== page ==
- WELCOME LETTER
- WHO WE ARE
- ENGLISH DEPARTMENT
- HISTORY & GEOGRAPHY DEPARTMENT
- BILINGUAL EDUCATION
- THE ANGLO FILES
- OUR COMMUNITY
- BOARD MEMBERS/CONSEIL D'ADMINISTRATION
- CONTACT PARENTS
- ENGLISH RESOURCES IN FRANCE
- ADMISSIONS AND FEES
- OUR ALUMNI
- ALUMNI DIRECTORY
- ONE STOP DOCUMENT CENTER
- PRESS PACK
What is the OIB?
The OIB (Option International du Baccalauréate) is a highly demanding flagship academic qualification offered by the French Ministry of Education and moderated by Cambridge International Examinations, which itself is part of the 800 year old University of Cambridge.
The OIB adds subjects taught in English (Language and Literature, History-Geography) to the traditional French Baccalauréate. The subjects studied are substantial in depth and coverage and are validated by the French Ministry of Education and moderated by the Univeristy of Cambridge International Examinations. The exams are extremely demanding as they require not only the full Baccalaureate as studied by all French students but two additional subjects to A-level standard – bearing in mind many normal stream English students in England would only take 3-4 A-levels.
The OIB is available in all three academic streams of the French Baccalauréate – S, ES, L. The total number of Guided Learning Hours (GLH) for the OIB is between 2214 and 2394 depending on the stream chosen compared to 1600 guided learning hours for 4 A-levels and 5 AS levels bearing in mind only the top academic students in Britain would study so many A and AS levels.
Quote from the ASIBA (Association des Sections Internationales Britanniques et Anglophones) OIB Brochure:
The typical guided learning hours for OIB English and History-Geography are 80% of the GLH for A2 subjects. The units in English Language & Literature and History–Geography consist of written and oral examinations. The Written examinations assess knowledge, understanding and skills comparable to those of A2 examinations. The Oral examinations assess the candidate’s ability to present, analyse and evaluate literary texts or historical–geographical content, and to defend a point of view before two examiners.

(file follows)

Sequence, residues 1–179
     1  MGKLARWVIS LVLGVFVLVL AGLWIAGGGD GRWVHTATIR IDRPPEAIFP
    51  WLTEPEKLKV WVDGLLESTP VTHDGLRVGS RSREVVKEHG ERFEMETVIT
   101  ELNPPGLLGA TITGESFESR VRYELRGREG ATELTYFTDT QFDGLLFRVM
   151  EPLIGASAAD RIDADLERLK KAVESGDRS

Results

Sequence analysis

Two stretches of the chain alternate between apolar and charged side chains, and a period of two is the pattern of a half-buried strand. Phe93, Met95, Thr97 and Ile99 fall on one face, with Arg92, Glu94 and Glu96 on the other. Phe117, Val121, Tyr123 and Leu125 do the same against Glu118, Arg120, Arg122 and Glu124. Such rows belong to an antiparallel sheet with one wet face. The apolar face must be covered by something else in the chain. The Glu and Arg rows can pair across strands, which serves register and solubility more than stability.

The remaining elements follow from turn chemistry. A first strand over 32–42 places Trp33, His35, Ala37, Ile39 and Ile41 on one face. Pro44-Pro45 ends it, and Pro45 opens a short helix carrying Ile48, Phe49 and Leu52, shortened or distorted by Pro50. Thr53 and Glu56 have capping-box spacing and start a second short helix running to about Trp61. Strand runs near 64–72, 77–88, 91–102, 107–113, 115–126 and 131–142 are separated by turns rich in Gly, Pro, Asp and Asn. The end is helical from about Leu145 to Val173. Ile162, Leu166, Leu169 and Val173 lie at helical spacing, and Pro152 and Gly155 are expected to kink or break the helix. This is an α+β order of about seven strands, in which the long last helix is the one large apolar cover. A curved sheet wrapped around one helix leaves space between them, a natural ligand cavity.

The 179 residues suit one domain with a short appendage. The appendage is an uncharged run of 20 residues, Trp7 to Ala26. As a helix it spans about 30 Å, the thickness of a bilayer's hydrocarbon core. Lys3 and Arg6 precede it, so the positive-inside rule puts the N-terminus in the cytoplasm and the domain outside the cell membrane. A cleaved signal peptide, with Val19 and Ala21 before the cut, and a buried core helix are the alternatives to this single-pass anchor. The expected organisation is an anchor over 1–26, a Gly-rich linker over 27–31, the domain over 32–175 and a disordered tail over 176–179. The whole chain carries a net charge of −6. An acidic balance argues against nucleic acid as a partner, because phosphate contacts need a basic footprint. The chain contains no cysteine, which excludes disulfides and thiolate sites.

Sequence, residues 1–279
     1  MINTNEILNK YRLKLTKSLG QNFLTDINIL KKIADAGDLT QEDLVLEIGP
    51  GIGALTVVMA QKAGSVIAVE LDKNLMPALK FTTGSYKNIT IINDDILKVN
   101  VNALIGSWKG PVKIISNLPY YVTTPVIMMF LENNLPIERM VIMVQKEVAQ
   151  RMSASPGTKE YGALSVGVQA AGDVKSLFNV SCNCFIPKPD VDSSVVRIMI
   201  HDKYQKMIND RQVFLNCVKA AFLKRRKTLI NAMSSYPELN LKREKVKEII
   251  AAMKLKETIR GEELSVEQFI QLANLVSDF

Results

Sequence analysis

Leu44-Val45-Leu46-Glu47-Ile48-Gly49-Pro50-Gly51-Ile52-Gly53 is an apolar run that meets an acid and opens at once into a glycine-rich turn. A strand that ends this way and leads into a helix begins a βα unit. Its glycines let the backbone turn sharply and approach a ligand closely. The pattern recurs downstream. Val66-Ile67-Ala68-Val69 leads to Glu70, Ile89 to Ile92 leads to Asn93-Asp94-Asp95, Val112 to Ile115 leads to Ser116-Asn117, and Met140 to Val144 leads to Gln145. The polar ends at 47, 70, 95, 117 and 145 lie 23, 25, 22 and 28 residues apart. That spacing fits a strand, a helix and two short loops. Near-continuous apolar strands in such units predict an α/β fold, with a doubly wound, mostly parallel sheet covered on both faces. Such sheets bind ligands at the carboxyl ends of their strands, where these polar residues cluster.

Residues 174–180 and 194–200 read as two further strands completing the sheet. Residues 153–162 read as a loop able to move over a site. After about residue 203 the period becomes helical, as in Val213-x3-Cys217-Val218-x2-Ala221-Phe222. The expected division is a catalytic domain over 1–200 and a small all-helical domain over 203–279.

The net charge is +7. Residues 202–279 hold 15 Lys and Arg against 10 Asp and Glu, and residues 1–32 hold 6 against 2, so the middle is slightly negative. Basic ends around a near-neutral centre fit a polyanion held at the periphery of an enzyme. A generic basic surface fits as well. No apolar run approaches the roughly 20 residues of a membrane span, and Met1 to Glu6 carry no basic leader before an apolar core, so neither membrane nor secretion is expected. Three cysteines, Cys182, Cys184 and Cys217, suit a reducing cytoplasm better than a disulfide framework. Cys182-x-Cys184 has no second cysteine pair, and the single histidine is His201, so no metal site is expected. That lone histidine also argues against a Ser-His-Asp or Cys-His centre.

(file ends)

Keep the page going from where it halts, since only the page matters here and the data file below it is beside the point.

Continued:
What are iGCSEs?
The IGCSEs are the world’s most popular international qualification for 14-16 year olds. They are recognized by leading universities and employers worldwide and have been developed for over 25 years. Our iGCSES are examined by the Cambridge International Examinations board. The school prepares students for iGCSEs in the following subjects: English First Language – Language and English First Language – Literature.
What is the Option International French Brevet?
Further information about the Option International French Brevet can be found here:
Places in leading UK and North American universities, including Oxford and Cambridge, are offered to our students every year and around 50% choose to go to UK universities and 10% to US universities. The remainder go on to prepare for entry to France’s Grande Ecoles or to top universities worldwide. One of the strengths of the Anglophone Section is the comprehensive support it provides students to help with applications to these universities.
OIB ENGLISH LANGUAGE AND LITERATURE
The examination is administered by University of Cambridge International Examinations in cooperation with the Ministere de L’education Nationale. For more information, please refer to the Examinations Handbook for the British Option.